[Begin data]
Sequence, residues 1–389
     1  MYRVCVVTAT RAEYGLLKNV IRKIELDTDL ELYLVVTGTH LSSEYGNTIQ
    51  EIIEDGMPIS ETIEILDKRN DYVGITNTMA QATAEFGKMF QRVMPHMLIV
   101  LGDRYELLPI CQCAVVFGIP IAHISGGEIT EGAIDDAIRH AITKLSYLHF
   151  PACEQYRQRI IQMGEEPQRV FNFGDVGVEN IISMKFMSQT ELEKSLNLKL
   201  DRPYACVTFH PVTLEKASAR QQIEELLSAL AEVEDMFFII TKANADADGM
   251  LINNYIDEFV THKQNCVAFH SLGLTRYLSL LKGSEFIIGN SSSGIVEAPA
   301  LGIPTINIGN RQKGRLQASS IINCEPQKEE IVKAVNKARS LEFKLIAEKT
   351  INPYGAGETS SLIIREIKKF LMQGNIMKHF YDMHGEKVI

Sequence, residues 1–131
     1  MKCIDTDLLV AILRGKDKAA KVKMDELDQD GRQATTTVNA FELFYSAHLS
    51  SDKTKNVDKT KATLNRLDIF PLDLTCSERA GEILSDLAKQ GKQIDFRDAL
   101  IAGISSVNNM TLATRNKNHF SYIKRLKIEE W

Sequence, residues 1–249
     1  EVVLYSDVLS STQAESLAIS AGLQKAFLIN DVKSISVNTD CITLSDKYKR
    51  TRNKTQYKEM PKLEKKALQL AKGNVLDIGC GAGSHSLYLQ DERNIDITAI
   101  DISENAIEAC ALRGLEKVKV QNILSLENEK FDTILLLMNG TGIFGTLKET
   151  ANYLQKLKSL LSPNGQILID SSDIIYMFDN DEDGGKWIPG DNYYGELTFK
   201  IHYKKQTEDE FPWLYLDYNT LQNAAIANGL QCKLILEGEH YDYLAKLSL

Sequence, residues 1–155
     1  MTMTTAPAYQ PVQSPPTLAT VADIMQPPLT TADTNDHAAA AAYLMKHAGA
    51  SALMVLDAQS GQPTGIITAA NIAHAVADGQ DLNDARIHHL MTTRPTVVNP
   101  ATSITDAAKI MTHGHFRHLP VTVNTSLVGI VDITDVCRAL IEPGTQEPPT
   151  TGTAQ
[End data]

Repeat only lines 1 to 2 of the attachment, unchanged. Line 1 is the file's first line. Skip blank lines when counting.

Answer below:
Sequence, residues 1–389
     1  MYRVCVVTAT RAEYGLLKNV IRKIELDTDL ELYLVVTGTH LSSEYGNTIQ